A new study has identified commonly prescribed drugs for the treatment of hypertension may be capable of preventing Alzheimerï¿½s disease and cognitive deterioration.
The new research, published in the November 2007 issue of the The Journal of Clinical Investigation., conducted by Dr. Giulio Maria Pasinetti, M.D., Ph.D., Professor of Psychiatry and Neuroscience, Geriatrics and Adult Development and Director of the Center of Excellence for Research in Complementary and Alternative Medicine in Alzheimer's disease at Mount Sinai School of Medicine, suggests that a large number of geriatric patients currently under pharmacological treatment for high-blood pressure with certain anti-hypertensive drugs might reap the additional benefits of the drug's cognitive effects.
"If we can deliver certain anti-hypertensive drugs to patients at high risk to develop Alzheimerï¿½s disease, at doses that do not affect blood pressure, these drugs could be made available for all members of the geriatric population identified as being at high risk for developing Alzheimer's disease," said Dr. Pasinetti.
Over the past two years, investigators directed by Dr. Pasinetti at Mount Sinai have been screening more than 1,500 drugs that are already commercially available for treatment of other disorders, to determine their potential value in treating Alzheimer's disease and cognitive impairment.
Based on the outcomes from initial drug screening, Dr. Pasinetti and his collaborators identified 7out of 55 candidate drugs commonly prescribed for the treatment of hypertension, which are capable of significantly preventing beta-amyloid production, which is a major mechanism recently identified as playing a key role in Alzheimer's disease pathogenesis, particularly in respect to promotion of memory loss and dementia. In this new study, Dr. Pasinetti reports that mice genetically determined to develop Alzheimerï¿½s disease beta-amyloid production and subsequent cognitive deterioration, significantly benefit from the treatment with the anti-hypertensive agent Valsartan, found to pharmacologically prevent beta-amyloid production in the brain even when delivered to Alzheimerï¿½ disease mice at doses 3-4 fold lower than the minimal equivalent dose prescribed for the treatment of hypertension in humans. Other anti-hypertension drugs with beneficial results included Propranolol HCI, Carvedilol, Losartan, Nicardipine HCI, Amiloride HCI and Hydralazine HCI.
Showing the use of anti-hypertensive drugs with anti- beta-amyloid production activities in the brain of Alzheimerï¿½ disease mice, will help in the identification of future, novel disease- modifying pharmacological treatments for the prevention of cognitive deterioration and eventually dementia in Alzheimer's disease.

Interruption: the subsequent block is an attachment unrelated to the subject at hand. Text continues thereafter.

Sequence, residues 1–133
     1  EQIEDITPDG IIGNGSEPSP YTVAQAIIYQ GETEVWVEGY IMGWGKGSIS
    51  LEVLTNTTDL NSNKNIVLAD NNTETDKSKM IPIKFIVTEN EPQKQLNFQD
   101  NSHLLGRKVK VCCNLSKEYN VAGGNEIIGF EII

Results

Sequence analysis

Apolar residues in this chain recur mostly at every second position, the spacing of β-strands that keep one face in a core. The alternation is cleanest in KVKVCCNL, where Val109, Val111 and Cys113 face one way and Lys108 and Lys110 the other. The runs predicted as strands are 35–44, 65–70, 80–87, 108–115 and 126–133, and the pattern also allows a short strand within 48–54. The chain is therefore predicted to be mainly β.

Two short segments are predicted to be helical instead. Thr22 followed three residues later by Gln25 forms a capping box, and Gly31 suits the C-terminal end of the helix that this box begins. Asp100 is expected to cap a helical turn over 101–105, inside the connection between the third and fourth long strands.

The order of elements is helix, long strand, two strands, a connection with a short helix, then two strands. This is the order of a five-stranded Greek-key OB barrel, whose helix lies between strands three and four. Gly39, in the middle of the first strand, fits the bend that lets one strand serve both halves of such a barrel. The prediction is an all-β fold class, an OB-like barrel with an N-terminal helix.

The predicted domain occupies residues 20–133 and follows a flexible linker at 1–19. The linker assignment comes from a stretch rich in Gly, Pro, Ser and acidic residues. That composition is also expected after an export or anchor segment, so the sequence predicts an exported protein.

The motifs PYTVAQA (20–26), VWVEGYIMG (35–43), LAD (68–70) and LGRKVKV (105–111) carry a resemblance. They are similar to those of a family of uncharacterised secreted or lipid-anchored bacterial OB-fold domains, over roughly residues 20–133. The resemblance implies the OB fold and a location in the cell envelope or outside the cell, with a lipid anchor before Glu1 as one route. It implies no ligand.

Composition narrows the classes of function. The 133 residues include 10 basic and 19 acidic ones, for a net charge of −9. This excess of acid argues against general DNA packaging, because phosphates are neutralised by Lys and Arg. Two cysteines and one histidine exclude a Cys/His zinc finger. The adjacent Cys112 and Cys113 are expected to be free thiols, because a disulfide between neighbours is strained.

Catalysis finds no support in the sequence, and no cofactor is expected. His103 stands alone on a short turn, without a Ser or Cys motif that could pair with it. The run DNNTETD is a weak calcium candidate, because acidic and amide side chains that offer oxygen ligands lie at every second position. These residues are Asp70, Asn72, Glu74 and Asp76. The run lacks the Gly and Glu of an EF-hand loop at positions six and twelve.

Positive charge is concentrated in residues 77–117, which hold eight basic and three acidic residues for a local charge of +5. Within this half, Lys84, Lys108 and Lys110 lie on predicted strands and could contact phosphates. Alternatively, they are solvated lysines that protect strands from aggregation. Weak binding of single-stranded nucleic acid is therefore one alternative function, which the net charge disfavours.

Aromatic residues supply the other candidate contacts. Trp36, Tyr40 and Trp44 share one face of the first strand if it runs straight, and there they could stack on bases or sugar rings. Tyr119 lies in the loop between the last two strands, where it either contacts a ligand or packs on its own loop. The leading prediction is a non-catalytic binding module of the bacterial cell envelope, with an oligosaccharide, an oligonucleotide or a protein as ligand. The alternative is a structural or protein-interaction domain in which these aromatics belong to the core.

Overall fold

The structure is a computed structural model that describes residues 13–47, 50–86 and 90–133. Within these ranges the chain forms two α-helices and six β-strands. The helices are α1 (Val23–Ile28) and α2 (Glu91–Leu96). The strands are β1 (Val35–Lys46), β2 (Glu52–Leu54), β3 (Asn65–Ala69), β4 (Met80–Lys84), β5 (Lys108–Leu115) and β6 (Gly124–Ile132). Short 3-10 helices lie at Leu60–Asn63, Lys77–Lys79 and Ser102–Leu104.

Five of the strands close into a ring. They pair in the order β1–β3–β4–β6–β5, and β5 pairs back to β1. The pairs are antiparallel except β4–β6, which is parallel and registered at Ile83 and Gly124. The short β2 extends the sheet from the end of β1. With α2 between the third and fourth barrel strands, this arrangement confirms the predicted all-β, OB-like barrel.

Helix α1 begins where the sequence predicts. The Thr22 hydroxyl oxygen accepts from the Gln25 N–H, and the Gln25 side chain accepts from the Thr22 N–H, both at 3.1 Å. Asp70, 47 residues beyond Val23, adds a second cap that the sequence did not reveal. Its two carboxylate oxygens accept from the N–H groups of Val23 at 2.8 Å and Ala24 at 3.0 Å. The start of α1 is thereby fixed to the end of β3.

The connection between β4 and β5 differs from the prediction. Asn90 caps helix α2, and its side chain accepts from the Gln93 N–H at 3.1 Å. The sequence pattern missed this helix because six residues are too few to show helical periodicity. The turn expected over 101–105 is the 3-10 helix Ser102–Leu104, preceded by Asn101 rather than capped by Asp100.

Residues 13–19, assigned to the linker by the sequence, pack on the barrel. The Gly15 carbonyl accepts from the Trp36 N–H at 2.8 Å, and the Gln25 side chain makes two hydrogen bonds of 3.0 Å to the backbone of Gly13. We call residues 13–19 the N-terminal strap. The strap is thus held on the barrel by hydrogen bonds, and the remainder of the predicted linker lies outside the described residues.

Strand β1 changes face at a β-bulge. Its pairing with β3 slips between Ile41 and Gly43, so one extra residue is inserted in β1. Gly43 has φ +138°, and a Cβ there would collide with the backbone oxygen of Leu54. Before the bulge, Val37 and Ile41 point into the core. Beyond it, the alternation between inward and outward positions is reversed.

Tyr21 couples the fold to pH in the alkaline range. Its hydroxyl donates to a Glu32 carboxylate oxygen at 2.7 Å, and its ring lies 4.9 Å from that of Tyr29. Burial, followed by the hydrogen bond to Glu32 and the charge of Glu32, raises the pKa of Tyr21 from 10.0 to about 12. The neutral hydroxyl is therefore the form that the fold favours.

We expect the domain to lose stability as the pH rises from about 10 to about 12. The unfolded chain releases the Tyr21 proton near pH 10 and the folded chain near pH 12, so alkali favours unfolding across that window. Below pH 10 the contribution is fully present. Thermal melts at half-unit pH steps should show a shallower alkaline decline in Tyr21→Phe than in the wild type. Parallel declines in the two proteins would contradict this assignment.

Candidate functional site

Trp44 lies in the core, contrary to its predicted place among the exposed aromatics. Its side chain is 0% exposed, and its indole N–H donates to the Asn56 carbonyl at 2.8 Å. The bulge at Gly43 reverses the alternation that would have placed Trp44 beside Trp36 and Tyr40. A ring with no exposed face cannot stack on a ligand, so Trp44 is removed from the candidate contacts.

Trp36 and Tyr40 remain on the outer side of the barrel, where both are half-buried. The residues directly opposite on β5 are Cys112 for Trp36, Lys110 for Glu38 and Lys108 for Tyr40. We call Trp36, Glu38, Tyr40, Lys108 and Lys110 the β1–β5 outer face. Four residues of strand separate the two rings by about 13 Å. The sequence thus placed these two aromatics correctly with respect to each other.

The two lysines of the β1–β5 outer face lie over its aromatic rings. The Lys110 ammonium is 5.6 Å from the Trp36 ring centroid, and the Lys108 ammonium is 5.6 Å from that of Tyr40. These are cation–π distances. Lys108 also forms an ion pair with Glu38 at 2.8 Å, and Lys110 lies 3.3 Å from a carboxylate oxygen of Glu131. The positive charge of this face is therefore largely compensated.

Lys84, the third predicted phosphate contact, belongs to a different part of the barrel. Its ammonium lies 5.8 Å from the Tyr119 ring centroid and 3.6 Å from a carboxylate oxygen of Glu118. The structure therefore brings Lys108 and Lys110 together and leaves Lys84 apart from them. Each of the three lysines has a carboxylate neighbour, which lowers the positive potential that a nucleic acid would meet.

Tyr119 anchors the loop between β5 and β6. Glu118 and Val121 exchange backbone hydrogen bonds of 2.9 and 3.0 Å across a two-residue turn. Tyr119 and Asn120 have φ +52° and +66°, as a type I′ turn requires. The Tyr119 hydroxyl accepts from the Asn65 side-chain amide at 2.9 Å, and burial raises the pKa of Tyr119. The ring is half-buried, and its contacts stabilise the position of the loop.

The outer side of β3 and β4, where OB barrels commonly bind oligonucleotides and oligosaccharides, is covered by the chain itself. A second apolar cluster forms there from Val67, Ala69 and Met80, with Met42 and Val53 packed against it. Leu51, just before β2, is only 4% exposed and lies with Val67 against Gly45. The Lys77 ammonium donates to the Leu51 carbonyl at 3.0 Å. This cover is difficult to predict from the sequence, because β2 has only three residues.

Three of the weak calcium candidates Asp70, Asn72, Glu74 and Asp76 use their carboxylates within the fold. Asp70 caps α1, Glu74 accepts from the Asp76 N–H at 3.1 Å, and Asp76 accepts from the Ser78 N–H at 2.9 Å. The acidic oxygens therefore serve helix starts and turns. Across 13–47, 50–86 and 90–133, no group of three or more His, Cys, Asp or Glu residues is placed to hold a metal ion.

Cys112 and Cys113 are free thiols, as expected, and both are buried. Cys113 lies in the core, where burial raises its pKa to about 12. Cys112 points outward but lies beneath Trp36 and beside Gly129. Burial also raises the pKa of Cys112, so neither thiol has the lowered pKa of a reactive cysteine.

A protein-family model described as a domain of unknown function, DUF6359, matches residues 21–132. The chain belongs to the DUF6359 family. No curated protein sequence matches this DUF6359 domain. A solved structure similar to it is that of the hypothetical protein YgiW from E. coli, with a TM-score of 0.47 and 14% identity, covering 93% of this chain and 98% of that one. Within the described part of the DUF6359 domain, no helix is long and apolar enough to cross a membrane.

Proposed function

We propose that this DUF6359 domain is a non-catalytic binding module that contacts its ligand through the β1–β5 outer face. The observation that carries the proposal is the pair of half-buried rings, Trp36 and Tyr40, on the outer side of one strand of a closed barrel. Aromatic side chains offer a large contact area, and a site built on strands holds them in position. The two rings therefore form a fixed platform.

Dr. Pasinetti recognizes the limitations of the research, noting that studies must be immediately verified in human subjects to verify the effect of the drugs on cognitive deterioration and memory functions independent of their role as an anti-hypertensive agent.
"The use of these drugs for their potential anti-Alzheimerï¿½s disease role is still highly experimental, and at this stage we have no clinical data beyond phenomenological observation in humans" said Dr. Pasinetti. "We need to complete preventive and therapeutic clinical trials in the near future if we are to identify certain anti-hypertensive drugs with anti beta-amyloid antioligomeric activities, which will need to be prescribed at dosages that do not interfere with blood pressure in normotensive Alzheimerï¿½s disease patients."
Dr. Pasinetti's research is part of a growing push to identify and develop more effective treatments for Alzheimer's disease. This devastating, degenerative illness is of particular concern for baby boomers beginning to turn 60, at increased risk of developing cognitive deterioration and Alzheimer's disease.
About The Mount Sinai Medical Center
The Mount Sinai Medical Center encompasses The Mount Sinai Hospital and Mount Sinai School of Medicine. The Mount Sinai Hospital is one of the nationï¿½s oldest, largest and most-respected voluntary hospitals. Founded in 1852, Mount Sinai today is a 1,171-bed tertiary-care teaching facility that is internationally acclaimed for excellence in clinical care. Last year, nearly 50,000 people were treated at Mount Sinai as inpatients, and there were nearly 450,000 outpatient visits to the Medical Center.
Mount Sinai School of Medicine is internationally recognized as a leader in groundbreaking clinical and basic-science research, as well as having an innovative approach to medical education. With a faculty of more than 3,400 in 38 clinical and basic science departments and centers, Mount Sinai ranks among the top 20 medical schools in receipt of National Institute of Health (NIH) grants.